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October 2, 2006

Equity Revisited...McGrath

This article analyzes information from enGauge 21st Centry Skills: Literacy in the Digital Age, Connecting the Bits, and Learning for the 21st Century for ways of teaching with technology that will benefit all learners. The author concludes that the 3 studies share the following: use prior knowlege, use technology in a way that you would in the future...to communicate and to help you understand, and present knowledge/project to others.

I think these 3 ideas are great, but I think the author watered them down a little too much, even in her terminology. I still like the approach of the enGauge article in which they have the areas divided into 4 groups: Digital Age Literacy, Inventive Thinking, Effective Communication and High Productivity. I agree you need to use a students prior knowledge as a basis and then build upon that. I also think you need to have the students look at the future and predict what kinds of things they will need to know based on what they think will happen in the future. I am sure they would come up with similar ideas.

I also agree that Project Based Learning (PBL) could be utilized more often. I would like see this as a combined effort between the teachers and the "community" to find projects that show why learning in school is important and what learning is important. In school we rely so much on that delayed gratification that it is no wonder students lack interest in some areas. As teachers we keep saying, you will need to know this for the test, but then students don't realize how often in life you run into a "test".

Random thought...maybe we shouldn't have testing anymore. Maybe we should have evaluations in which you are to "find an answer" to a question. Time of course is of essence bacause in quite a few jobs, the more you can do , the more you get paid. I really don't know if we can eliminate testing all together because of all the time it would take to conitue to reteach everything from the beginning. (addition, subtracation, etc.)

The equity though, would be great. If we could figure out how to stimulate students so they wanted to be in school and they wanted to learn, that would be awesome. If PBL would help that, then maybe we should be doing more projects. If we did more PBL then maybe we would get the at-risk students to stay on track. If they felt more responsible for a project would it be enough for the student to make it to class everyday?

Technology Learning Principles...Hughes

There are 4 Learning Principles suggested in this article:
1. Connecting Technology Learning to Professional Knowledge
2. Privileging Subject Matter and Pedagogical Content Connections.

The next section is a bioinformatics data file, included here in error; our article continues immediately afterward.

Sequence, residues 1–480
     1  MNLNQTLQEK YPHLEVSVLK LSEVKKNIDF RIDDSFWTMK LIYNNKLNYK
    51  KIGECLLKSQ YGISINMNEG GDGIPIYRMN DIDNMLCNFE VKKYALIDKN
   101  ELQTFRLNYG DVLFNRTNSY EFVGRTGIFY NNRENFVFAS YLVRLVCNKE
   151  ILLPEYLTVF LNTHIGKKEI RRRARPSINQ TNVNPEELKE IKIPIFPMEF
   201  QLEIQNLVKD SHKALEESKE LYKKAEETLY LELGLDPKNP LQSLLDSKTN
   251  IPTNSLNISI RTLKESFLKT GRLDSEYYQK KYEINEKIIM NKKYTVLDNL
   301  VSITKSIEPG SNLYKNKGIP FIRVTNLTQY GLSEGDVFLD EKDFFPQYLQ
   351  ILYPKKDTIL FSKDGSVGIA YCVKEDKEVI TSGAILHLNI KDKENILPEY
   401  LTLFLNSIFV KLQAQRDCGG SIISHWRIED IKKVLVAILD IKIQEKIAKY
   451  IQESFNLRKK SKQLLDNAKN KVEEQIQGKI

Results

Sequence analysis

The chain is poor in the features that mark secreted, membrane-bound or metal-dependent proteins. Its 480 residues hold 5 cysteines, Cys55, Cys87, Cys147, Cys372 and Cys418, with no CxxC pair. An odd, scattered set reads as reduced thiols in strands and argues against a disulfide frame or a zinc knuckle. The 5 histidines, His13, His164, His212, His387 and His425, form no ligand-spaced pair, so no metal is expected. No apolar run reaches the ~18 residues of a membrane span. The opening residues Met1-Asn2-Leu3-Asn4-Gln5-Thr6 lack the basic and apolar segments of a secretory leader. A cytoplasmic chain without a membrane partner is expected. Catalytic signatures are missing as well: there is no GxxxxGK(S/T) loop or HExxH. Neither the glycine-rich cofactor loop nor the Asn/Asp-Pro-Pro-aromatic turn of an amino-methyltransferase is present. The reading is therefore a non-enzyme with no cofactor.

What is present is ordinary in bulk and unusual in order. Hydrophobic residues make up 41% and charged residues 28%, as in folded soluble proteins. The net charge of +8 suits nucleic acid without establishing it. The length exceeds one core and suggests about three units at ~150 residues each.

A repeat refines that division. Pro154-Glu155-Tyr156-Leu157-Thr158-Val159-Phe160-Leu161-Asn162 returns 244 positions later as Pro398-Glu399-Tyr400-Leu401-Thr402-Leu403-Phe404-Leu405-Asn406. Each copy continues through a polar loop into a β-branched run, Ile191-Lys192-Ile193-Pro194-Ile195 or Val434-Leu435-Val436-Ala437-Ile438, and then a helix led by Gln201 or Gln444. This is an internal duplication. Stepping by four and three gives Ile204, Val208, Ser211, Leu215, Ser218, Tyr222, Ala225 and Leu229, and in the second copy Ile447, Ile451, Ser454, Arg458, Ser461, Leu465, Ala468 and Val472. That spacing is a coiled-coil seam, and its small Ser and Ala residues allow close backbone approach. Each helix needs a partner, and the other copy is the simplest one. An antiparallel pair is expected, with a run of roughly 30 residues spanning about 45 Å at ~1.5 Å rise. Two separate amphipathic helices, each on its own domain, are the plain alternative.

3. Using Technology Learning to Challenge Professional Knowledge
4. Teaching Many Technologies.

I think all 4 tend to overlap.

The first principle, "Connecting Technology Learning to Professional Knowledge" would probably be done automatically. Anytime I learn something new, I want to know how this will apply to me, this includes learning new technologies. My automatic reaction is "How will this help me be a better teacher?" If I don't see a purpose in learning, then I am probably not going to learn how to use it in the first place.

The second principle, "Privileging Subject Matter and Pedagogical Content Connections" shows a good example of why teachers should work together. If departments work together on their "projects" they will be combining the best of all of their ideas. I see the problem more so as we are dividing up the chapters and each person in the group will take two chapters, rather than using the group work to come up with the best "technology-pedagogy" connection.

The third principle, "Using Technology Learning to Challenge Current Professional Knowledge" is closely related to the first principle. I see this principle as teaching the technology and hoping this will help the teacher to come up with their own idea of how to use it in the classroom. I also believe that learning to use technology, even if it is for personal use, will help a teacher to become a better technology integrationist. Once you have the background in how tools/toolbars work, that transfer of knowledge to other programs saves so much time. You are also exposing yourself to various options that may transfer between programs too. (For example, if you learn to use Photoshop Elements, you are then able to transfer the knowledge of toolbars, layering, filtering, pixels, etc to other programs where you may work with the same concepts even if you aren't working specifically with pictures. You may be using clipart and another "flipchart" program for animation.

The fourth principle, "Teaching Many Technologies" requires the teacher to be a learner for "many technologies". Oftentimes the problem is convincing the teacher to spend the time to learn the technologies in order to make educated decisions about their technology integration. I find this extremely frustrating, probably because I am willing to spend some time to learn/investigate software/technologies just to see what some of the benefits to it are. so that I would know whether I could use it in my classroom.